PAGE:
| John Ruffo|
| November 24, 1954 (age 61) (1954-11-24) Brooklyn, New York|
Former business executive
Wanted by the United States Marshals Service for bank fraud
John Ruffo (born November 24, 1954 in Brooklyn, New York) is a former business executive, white-collar criminal and confidence man, who in 1998 was convicted in a scheme to defraud many US and foreign banking institutions of over 350 million dollars. The swindle is considered one of the most significant cases of bank fraud in US history. He has been a fugitive from justice ever since, and is on the US Marshals 15 most wanted list.
He was the President of CCS, an IBM equipment reseller in New York City, in 1996.
John Ruffo Wikipedia
Ruffo was born to a close-knit Italian American family in a working class neighborhood in Brooklyn. He attended New York University on a scholarship, earning a degree in Computer science. In May 1980, he married his childhood sweetheart, Linda. Ruffo initially worked for United Computer Systems LLC in New York, before eventually branching out to form his own firm, Consolidated Computer Services (CCS).
Ruffo became acquainted with and befriended another prominent New York businessman, Edward J. Reiners, formerly an executive with Phillip Morris USA. After Reiners was laid off, he approached Ruffo with an idea in 1992. The scheme involved soliciting various banks in an attempt to secure financing for a fictitious "Project Star". They pitched the project to bank executives as a top secret operation for Phillip Morris to develop smokeless cigarettes. Ruffo's company, CCS, was to provide the computer hardware and consulting for 5 offices set up to work on the project. They leveraged Reiners' prior credentials as a Phillip Morris executive to forge documents and add authenticity to the scheme. They also included stringent confidentiality agreements stipulating that because of the sensitivity of the project, banks were to deal only with Reiners and to never contact Phillip Morris directly.
Ruffo tried to avoid suspicion by making timely interest payments on the loans. However, in 1996 a bank executive at the Long-Term Credit Bank of Japan noticed an irregularity on one of the forged documents. After he contacted Phillip Morris and then the FBI, the scheme began to unravel. Reiners was arrested by FBI agents who set up a sting operation on March 19 of 1996, and an arrest warrant was issued for Ruffo two weeks later. All told the scheme generated over 350 million in secured loans, though much of it was squandered in poor stock market speculation and exorbitant spending habits on the part of the conspirators. 21 million, however, was never accounted for by federal authorities. Ruffo faced a 150-count indictment charging him with bank fraud, money laundering, wire fraud, and conspiracy. His bail was set at a usually high 10 million dollars as he was considered a flight risk. As nearly all of Ruffo's known assets and accounts were frozen by the FBI, most of his immediate family put up their homes as collateral to secure his pre-trial release. Ruffo was found guilty on all counts and was sentenced to 17 years in prison.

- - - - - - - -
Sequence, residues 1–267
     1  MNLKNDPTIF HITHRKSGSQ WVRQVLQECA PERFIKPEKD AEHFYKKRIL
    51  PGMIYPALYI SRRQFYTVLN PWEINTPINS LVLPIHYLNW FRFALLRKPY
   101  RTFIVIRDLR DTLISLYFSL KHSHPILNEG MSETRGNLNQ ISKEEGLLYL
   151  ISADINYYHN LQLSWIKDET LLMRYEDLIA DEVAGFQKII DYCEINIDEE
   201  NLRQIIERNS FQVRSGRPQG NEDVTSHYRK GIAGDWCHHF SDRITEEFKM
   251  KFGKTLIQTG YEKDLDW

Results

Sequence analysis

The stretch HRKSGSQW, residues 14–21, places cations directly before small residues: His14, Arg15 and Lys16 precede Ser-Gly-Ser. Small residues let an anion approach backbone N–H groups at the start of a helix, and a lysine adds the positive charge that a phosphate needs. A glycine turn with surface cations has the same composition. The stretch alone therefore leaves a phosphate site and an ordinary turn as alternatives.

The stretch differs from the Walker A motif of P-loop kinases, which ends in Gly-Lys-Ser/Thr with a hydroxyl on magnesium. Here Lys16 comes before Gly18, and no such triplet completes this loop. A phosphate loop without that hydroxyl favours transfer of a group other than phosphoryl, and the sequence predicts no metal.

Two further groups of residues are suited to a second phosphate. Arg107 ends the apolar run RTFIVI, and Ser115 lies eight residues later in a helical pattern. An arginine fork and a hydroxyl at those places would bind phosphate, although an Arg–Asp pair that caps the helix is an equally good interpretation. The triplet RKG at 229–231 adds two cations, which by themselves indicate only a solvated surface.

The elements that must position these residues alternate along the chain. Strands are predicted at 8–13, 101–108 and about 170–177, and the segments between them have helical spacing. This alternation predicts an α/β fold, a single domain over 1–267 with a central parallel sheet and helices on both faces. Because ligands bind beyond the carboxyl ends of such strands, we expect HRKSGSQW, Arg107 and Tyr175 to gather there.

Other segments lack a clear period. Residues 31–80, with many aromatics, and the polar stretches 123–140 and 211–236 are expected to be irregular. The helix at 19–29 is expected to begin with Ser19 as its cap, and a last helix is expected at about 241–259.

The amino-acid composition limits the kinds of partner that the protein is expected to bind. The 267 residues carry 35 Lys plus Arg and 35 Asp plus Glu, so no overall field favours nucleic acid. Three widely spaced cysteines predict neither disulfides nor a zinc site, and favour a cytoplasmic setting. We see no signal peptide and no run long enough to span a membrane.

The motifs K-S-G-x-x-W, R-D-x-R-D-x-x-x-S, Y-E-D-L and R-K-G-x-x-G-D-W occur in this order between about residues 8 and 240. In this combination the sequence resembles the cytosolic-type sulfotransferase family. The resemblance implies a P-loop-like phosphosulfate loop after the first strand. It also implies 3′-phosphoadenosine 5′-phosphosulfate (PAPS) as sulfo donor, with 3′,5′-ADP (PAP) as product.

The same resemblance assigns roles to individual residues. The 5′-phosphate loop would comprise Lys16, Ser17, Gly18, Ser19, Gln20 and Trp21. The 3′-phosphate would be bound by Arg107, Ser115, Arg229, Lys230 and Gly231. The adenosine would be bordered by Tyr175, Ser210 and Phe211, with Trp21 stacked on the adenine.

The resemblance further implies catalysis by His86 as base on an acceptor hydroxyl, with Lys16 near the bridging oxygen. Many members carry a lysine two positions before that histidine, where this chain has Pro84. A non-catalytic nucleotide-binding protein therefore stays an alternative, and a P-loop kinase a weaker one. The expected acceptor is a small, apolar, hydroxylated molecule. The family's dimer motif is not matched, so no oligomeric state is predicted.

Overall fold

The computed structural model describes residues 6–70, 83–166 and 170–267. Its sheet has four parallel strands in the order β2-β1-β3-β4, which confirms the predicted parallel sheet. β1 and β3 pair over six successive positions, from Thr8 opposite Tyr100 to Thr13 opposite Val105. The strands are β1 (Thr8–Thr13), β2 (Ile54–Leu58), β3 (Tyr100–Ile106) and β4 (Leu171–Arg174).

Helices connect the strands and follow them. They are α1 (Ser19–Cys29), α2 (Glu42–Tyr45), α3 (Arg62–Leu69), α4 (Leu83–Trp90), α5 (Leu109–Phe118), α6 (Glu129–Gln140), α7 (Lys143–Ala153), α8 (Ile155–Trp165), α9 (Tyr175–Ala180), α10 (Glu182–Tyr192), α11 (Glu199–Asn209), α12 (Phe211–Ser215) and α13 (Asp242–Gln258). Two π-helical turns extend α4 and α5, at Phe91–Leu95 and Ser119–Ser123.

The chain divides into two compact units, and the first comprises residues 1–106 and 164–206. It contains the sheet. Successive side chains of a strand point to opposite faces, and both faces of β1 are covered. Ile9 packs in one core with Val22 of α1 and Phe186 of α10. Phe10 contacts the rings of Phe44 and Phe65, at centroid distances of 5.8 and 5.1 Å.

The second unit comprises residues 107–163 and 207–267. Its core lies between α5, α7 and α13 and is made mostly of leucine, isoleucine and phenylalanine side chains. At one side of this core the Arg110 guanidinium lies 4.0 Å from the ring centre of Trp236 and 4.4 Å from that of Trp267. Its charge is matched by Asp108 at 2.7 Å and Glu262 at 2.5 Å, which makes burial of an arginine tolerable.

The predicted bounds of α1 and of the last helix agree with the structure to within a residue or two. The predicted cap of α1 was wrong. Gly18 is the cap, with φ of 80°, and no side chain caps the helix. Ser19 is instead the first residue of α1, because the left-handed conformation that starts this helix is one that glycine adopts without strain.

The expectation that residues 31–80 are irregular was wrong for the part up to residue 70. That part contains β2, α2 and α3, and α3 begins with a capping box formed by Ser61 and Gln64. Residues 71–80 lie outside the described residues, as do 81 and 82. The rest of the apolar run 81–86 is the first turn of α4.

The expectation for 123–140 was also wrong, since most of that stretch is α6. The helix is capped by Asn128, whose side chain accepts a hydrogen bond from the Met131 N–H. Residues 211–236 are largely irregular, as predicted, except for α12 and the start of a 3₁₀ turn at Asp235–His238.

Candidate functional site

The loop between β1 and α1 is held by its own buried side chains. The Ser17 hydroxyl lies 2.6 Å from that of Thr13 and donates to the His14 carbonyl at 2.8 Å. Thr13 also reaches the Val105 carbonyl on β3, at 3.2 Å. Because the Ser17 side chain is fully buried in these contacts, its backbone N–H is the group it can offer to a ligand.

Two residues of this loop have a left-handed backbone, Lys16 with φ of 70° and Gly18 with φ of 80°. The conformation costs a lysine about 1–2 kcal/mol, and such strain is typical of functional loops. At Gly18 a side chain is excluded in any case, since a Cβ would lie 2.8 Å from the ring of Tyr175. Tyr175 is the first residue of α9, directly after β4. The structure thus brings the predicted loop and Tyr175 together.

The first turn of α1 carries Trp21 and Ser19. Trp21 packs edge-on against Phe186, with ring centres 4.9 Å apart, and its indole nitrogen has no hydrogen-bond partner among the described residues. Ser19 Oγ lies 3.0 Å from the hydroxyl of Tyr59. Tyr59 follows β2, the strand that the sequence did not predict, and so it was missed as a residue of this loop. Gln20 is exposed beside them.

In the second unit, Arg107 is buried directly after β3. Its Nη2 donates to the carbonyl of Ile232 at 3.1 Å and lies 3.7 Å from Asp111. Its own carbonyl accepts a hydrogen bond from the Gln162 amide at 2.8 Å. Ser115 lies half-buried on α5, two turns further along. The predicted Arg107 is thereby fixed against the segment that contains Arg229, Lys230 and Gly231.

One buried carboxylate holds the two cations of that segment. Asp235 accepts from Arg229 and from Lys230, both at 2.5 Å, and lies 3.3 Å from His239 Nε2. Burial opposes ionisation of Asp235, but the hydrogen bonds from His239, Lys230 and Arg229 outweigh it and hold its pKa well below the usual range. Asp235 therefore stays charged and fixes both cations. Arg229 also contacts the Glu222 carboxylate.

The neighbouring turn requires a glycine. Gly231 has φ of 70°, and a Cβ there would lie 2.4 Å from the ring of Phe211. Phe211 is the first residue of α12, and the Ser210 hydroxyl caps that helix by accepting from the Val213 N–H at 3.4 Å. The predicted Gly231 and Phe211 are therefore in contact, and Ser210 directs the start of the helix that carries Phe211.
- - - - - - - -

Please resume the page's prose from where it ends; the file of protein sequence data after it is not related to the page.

In November 1998, Ruffo failed to turn himself over to the US Marshal's Service to begin serving his sentence. His image was captured on CCTV cameras taking money out of an ATM (pictured) on the afternoon he was to report, but he has not been seen nor heard from since. In his wife's last communication with him on the morning of his disappearance, he told her he was meeting with a parole officer but never returned. His car was later recovered by the FBI abandoned at JFK Airport. 3 months after Ruffo's disappearance, the homes of his wife, mother, mother-in-law, and others were seized by the government as a forfeiture of bond collateral, effectively making them all homeless. Authorities believe Ruffo still has access to substantial overseas financial resources, which could be aiding him in his ability to stay off-the-grid and assume a new identity. Chief Deputy US Marshall John Bolen commented in 2013, "Having been sentenced to 220 months of incarceration and not serving a single day of that kind of sticks in the craw of those of us in this profession. His actions are a mockery to our justice system. We are the best in the world at this. He just has to make one mistake. We can make many but he just has to make one. We'll catch him". Ruffo remains at large. The US Marshal's Service is offering a $25,000 reward for information that leads to the capture of John Ruffo.